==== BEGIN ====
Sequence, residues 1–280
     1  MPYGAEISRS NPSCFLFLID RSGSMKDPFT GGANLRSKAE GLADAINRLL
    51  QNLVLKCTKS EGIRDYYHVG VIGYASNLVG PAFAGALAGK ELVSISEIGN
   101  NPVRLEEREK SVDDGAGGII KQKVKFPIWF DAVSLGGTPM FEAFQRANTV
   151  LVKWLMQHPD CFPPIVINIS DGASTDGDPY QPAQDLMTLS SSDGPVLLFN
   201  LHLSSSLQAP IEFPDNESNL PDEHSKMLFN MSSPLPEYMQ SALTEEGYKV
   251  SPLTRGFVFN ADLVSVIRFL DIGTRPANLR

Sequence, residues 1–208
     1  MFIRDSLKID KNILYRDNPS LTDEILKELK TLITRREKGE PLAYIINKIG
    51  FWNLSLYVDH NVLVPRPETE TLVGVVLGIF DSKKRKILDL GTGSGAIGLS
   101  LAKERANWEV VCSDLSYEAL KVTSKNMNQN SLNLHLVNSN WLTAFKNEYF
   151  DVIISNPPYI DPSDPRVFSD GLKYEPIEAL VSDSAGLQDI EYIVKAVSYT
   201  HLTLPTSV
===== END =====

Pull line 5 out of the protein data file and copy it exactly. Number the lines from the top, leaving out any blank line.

   151  LVKWLMQHPD CFPPIVINIS DGASTDGDPY QPAQDLMTLS SSDGPVLLFN